A: Regular preventive-care visits are absolutely important for aging dogs and cats (and other pets). The reason we veterinarians recommend bringing pets in twice a year once they get to be 7 or 8 years old is because pets age faster than humans. If we can check them over twice a year, we have a better chance of catching diseases early, when they are more treatable. It’s a good way to prolong your pet’s healthy life.
This is important to me because many times I’ve had to give people bad news about their pet’s prognosis, knowing that if I had seen the pet earlier, the problem could have been treated more effectively and at less cost.
A senior pet wellness visit is the time to talk to your veterinarian about whether a new diet is needed, and to mention any changes in activity level or behavior that you’ve noticed. In addition to a nose-to-tail exam, including eyes and teeth, your veterinarian may recommend diagnostics such as chest radiographs, which might identify an enlarged heart; a blood pressure check; and blood, urine and fecal tests.
The other thing to remember is that different animals age at different rates. Large dogs age more rapidly than small dogs and cats, for instance. So the age at which pets become seniors varies. We might want to start seeing large or giant-breed dogs when they are 6 years old and cats or small dogs at 8 years old. Your veterinarian can advise you based on your individual pet’s health history.
By keeping your pet’s care on the right track with wellness checkups, you can help to give him additional years of good health. -- Dr. Marty Becker
Do you have a pet question? Send it to firstname.lastname@example.org or visit Facebook.com/DrMartyBecker.
-- First it was hip replacements, then elbow joints. Now total ankle, or hock, replacement is available for dogs with severe arthritis that limits mobility. A 7-year-old Labrador named Leo underwent the surgery in January at the University of Florida College of Veterinary Medicine’s small animal hospital and is back on the hiking trail with his owner -- UF veterinary student Maggie Smallwood -- after a five-month recovery. The procedure involves replacing damaged surfaces of the joint with a prosthetic implant. “We now have a promising treatment for a condition that was previously difficult to manage,” said UF associate professor and veterinary surgeon Stanley Kim, who performed the procedure.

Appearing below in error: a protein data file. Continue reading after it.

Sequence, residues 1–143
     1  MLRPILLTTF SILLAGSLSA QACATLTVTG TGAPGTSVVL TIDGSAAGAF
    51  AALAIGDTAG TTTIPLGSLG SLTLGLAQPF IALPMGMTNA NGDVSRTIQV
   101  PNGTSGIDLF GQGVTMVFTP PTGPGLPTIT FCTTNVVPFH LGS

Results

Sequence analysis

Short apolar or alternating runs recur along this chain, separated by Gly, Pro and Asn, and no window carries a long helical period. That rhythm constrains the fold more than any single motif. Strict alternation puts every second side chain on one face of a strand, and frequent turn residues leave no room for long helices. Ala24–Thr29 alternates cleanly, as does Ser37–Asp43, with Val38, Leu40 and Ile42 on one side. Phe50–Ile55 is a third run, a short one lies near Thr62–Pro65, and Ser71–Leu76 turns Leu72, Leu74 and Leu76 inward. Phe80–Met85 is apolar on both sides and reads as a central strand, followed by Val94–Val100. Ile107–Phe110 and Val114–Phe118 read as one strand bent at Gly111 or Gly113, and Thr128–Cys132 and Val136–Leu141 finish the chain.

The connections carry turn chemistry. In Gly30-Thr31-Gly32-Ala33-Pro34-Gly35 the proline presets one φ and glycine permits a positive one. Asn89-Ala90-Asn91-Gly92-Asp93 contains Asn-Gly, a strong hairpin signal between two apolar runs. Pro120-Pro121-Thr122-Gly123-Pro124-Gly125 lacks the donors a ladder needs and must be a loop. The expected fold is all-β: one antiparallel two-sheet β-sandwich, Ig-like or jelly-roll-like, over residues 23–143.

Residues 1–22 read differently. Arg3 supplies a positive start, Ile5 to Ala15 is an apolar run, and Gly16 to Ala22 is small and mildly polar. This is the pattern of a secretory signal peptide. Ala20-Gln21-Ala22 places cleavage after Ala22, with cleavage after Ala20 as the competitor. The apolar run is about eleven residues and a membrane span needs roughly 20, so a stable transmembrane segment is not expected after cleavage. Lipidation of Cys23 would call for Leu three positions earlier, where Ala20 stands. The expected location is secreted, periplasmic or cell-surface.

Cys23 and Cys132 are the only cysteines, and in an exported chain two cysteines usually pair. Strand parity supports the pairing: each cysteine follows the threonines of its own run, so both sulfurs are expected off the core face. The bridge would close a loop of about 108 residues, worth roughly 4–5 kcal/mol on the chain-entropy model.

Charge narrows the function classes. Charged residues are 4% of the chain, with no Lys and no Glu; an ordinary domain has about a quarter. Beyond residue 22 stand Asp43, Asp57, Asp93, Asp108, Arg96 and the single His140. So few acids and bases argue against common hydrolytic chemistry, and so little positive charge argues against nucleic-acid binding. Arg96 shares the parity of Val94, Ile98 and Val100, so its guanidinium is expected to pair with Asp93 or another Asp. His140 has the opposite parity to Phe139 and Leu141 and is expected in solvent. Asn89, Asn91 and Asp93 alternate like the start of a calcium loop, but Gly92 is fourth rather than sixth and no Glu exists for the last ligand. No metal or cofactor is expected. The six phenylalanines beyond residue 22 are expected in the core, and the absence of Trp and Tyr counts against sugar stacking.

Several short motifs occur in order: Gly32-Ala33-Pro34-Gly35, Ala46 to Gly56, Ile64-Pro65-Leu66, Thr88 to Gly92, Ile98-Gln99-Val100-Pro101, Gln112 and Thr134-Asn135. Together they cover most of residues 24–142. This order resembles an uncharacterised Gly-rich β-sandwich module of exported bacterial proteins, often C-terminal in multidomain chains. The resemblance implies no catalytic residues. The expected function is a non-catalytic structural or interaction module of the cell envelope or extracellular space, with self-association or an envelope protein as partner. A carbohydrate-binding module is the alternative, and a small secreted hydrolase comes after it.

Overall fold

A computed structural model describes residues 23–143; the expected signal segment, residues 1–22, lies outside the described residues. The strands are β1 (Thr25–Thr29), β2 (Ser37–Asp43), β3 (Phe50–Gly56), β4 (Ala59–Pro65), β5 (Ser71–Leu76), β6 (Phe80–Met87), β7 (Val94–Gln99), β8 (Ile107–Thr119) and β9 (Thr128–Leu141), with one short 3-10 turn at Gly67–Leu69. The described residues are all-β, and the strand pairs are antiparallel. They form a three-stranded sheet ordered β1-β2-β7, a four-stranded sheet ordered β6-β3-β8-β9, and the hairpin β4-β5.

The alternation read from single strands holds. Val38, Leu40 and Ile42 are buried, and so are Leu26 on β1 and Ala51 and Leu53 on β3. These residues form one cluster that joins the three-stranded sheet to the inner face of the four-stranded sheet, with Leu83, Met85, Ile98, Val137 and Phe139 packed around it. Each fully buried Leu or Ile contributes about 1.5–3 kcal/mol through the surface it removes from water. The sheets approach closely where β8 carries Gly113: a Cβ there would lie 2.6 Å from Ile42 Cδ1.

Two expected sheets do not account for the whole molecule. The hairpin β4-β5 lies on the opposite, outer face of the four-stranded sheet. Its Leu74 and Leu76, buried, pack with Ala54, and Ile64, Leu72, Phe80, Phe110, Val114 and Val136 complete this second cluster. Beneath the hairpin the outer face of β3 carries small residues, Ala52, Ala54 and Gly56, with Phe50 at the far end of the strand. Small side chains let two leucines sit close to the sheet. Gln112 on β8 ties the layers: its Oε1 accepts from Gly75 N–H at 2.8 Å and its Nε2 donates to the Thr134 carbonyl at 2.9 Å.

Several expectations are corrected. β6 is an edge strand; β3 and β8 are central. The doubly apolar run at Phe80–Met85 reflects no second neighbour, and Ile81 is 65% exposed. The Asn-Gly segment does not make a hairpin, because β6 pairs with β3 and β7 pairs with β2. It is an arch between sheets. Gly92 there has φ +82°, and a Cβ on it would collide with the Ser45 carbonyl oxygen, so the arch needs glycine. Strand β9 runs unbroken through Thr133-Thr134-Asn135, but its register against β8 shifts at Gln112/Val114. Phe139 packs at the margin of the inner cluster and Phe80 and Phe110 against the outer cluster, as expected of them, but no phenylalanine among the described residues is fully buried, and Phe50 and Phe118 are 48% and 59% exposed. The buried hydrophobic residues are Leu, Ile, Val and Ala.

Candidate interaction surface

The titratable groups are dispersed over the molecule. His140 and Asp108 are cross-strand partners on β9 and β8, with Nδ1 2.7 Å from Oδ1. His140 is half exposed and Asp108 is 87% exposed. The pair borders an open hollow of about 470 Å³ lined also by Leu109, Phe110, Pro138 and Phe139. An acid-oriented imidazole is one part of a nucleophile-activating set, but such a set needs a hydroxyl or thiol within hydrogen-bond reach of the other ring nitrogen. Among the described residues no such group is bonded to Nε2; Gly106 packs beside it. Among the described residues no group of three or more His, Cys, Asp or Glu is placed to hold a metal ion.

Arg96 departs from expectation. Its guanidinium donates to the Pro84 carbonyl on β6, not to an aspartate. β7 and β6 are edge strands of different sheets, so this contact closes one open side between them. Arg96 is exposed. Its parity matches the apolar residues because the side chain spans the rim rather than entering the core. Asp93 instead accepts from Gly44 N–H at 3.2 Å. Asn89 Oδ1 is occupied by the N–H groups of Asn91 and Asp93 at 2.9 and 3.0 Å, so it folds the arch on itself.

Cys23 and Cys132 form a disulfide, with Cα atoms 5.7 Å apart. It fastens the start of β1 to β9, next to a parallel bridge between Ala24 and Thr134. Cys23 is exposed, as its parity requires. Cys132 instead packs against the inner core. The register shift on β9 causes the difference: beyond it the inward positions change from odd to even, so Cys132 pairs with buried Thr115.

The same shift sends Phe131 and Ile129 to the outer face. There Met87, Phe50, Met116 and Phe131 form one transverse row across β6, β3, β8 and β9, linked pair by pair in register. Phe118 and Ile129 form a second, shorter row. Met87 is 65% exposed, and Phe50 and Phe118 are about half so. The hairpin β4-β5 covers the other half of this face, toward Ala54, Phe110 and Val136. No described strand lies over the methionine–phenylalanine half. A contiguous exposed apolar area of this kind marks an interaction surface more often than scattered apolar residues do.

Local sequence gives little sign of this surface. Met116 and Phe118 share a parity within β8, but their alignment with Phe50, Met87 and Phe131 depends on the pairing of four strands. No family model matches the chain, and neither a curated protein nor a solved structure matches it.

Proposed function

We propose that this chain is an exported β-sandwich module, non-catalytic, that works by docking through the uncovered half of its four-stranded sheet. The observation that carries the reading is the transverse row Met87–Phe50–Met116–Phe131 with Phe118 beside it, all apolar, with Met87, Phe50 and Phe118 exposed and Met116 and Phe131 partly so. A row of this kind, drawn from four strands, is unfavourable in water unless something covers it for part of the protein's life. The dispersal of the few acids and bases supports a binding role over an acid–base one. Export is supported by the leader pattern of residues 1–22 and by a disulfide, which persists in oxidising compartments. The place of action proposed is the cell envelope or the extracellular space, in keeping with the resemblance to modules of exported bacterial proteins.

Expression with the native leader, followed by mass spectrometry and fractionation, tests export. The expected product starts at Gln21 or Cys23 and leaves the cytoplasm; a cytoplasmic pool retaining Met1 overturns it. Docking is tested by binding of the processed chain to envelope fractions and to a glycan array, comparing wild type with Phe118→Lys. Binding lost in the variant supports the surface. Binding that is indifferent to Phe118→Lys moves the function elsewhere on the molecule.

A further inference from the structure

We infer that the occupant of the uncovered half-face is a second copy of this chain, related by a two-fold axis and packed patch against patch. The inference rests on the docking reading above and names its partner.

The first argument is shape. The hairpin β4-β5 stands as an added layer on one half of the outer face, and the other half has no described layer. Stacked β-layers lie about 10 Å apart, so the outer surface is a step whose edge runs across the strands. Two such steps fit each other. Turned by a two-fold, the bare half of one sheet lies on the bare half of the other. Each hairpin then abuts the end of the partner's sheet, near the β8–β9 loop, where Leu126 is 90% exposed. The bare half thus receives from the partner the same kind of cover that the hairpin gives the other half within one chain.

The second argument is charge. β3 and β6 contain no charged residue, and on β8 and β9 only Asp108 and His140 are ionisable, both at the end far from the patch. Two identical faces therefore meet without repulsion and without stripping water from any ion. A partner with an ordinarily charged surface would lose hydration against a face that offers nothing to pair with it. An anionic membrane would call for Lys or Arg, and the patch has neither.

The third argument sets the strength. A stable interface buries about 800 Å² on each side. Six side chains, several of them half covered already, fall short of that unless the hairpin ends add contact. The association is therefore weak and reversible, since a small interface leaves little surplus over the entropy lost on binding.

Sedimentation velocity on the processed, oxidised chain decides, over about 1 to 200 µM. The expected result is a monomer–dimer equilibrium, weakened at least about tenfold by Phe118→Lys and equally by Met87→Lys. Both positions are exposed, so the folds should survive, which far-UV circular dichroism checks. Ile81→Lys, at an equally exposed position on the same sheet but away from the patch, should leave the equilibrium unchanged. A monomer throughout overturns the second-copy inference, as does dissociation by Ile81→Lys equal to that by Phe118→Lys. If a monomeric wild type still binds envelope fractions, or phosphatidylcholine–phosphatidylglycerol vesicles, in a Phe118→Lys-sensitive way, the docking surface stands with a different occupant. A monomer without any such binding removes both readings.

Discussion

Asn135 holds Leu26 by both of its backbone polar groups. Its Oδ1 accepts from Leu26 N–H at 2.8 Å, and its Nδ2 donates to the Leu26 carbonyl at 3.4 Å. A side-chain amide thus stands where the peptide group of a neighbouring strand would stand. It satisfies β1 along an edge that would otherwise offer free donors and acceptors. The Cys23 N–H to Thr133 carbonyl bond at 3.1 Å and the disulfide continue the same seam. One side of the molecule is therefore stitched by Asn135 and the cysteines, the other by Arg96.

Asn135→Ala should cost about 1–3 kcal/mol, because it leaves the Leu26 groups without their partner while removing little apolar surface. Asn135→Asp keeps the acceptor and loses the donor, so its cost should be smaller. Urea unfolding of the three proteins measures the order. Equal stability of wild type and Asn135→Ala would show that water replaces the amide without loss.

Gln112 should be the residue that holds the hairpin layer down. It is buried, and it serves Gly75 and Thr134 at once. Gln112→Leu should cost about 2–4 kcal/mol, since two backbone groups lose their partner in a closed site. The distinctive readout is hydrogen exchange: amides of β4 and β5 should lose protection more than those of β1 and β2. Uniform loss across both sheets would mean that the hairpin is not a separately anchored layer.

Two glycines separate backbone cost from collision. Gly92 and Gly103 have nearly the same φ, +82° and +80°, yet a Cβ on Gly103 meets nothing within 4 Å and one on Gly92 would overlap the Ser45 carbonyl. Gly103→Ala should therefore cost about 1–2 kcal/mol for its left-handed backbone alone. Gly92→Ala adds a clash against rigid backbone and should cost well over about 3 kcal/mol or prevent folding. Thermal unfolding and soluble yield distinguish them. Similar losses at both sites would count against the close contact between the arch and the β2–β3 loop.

-- Have you ever wondered how dog DNA tests work? They compare genetic information from a dog’s DNA sample -- usually saliva, although your dog doesn’t have to spit into a test tube -- to a reference panel of different breeds and types of dogs. Matches help determine breeds in your dog’s background. Accuracy depends on such factors as number of genetic markers used, comprehensiveness of the reference panel (100 breeds, 400 breeds, different types of dogs from around the world?), and sophistication of the algorithms used to process the data.
-- If you’re considering a bird as a pet, take your allergies into account. Feathers and feather dust (produced by powder-down feathers) are allergens. All birds produce some feather dust, but certain birds are dustier than others. Species that distribute a lot of feather dust and dander include cockatoos, cockatiels, African greys and Amazon parrots. Why are birds dusty? Feather dust helps keep birds clean and waterproofs their feathers. To help keep dust down, use a HEPA filter in the room where your bird spends most of her time. A vacuum cleaner with a HEPA filter can also help to remove feather dust from the environment. -- Dr. Marty Becker, Kim Campbell Thornton and Mikkel Becker
ABOUT PET CONNECTION
Pet Connection is produced by a team of pet care experts headed by “The Dr. Oz Show” veterinarian Dr. Marty Becker, founder of the Fear Free organization and author of many best-selling pet care books, and award-winning journalist Kim Campbell Thornton. Joining them is behavior consultant and lead animal trainer for Fear Free Pets Mikkel Becker. Dr. Becker can be found at Facebook.com/DrMartyBecker or on Twitter at DrMartyBecker. Kim Campbell Thornton is at Facebook.com/KimCampbellThornton and on Twitter at kkcthornton. Mikkel Becker is at Facebook.com/MikkelBecker and on Twitter at MikkelBecker.